IRO failure to ensure satisfactory steps taken by the local authority

Photo credit_ orangesparrow via _ CC BY-NC-ND


‘This case raises issues both as to the end-of-life treatment of a very ill child, and as to alleged breaches of rights under the European Convention on Human Rights, in relation to which damages were claimed. These are both issues which ought to be heard, so far as possible, in public. With the complete agreement of all parties, I have heard this whole case in public, and now give this short judgment in public. I will not name any individual and will avoid specificity in some of the details, but I direct that any report of, or relating to, this case or judgment must not name or identify the child concerned, nor his mother or maternal family, nor his foster mother, nor in any way identify the address or whereabouts of any of them. This confidentiality is of the utmost importance in this case.

The case is one of very great sadness and tragedy. At the age of 13, the mother conceived a child. The father was about the same age. The mother does not know the name or identity of the father, other than his first name. Soon after the conception, the father returned to live abroad. The mother did try to find him there but was not successful. It is unlikely that he even knows that he fathered a child.

The mother gave birth when she was 14. The child, whom I will call C (which is not the initial of any of his actual names), is now almost five. Even before the birth, the mother made clear to social workers and others that, in view of her own very young age, she felt it better for both him and herself that she have no contact or involvement with him at all and that he should be adopted. She has never wavered in that decision and view. Apart perhaps from the most immediate aftermath of the birth itself, she has never held him, nor seen him, nor wished to do so. She agreed with the local authority that he should be accommodated under section 20 of the Children Act 1989, and he was placed within days of his birth with the foster mother with whom he still lives. The love and care which the foster mother has given to him in the circumstances that I will shortly briefly describe, have been described as ‘exemplary’ and are beyond praise.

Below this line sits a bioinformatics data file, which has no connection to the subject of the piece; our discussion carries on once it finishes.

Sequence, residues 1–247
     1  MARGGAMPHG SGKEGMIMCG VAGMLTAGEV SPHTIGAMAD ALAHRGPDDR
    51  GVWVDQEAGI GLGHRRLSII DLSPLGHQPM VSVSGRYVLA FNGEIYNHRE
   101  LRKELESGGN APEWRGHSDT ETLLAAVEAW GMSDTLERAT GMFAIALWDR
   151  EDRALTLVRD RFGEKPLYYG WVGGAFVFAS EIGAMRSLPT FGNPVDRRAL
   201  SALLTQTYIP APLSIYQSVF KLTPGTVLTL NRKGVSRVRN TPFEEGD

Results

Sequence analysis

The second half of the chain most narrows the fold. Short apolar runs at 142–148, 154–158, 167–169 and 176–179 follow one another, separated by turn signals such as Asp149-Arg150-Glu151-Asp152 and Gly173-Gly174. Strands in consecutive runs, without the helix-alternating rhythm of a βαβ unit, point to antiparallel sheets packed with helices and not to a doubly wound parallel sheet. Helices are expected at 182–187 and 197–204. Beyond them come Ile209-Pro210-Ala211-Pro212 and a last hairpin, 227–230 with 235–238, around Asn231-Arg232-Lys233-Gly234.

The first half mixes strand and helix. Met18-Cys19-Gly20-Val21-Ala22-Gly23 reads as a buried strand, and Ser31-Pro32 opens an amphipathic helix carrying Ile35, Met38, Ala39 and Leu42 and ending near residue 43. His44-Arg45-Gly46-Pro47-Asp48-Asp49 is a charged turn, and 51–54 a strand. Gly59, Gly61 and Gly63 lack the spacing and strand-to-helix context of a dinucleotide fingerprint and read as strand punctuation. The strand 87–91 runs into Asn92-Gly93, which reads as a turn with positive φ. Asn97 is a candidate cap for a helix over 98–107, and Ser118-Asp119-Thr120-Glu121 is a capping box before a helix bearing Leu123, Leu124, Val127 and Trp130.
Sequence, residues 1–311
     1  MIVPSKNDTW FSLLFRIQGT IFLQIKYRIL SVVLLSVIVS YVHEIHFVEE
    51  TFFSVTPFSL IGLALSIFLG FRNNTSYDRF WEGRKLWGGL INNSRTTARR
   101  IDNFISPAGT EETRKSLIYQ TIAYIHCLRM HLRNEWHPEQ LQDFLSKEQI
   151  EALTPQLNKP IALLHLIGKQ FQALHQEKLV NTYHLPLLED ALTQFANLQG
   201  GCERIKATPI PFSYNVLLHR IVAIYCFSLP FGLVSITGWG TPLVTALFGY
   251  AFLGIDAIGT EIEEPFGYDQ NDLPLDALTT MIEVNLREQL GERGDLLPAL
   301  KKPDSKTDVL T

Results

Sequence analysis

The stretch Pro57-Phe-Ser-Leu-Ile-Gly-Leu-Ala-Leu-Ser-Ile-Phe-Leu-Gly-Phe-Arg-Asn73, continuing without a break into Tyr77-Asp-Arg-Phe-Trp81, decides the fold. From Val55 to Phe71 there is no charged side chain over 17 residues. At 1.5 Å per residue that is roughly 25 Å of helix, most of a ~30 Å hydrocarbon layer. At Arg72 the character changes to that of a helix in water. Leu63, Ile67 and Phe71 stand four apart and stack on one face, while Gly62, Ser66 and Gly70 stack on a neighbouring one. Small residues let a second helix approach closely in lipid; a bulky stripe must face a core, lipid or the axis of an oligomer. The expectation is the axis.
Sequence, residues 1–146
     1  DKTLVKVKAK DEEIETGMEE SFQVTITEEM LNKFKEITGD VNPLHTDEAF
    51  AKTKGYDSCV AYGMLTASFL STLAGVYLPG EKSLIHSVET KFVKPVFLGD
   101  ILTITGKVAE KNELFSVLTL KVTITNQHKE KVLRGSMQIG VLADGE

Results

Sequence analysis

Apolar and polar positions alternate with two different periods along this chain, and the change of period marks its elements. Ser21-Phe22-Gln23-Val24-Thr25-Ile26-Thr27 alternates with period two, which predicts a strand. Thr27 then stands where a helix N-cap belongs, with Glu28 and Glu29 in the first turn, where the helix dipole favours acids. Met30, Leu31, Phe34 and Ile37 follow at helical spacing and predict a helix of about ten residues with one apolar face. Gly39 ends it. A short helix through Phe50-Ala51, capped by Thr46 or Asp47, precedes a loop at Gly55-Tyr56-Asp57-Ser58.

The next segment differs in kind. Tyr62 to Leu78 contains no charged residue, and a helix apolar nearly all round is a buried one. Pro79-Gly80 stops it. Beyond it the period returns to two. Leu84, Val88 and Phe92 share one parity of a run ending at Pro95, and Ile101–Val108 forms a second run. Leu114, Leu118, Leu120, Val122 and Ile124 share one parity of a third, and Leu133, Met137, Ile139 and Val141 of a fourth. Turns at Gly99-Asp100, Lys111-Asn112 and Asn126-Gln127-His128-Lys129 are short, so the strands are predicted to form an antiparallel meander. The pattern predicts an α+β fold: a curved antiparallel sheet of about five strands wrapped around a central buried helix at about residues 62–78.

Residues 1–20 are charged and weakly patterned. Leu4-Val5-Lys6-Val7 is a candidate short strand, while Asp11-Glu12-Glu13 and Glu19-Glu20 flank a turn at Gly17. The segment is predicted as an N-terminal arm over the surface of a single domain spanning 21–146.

After the required six weeks had elapsed after C’s birth, the mother signed documents consenting to his placement for adoption and to his adoption. The local authority began to investigate potential adopters and narrowed their list down to two families. Then the tragedy began to unfold’.

Important lessons for IROs in this case:


Read the judgement via BAILII: LONDON BOROUGH OF BRENT and C



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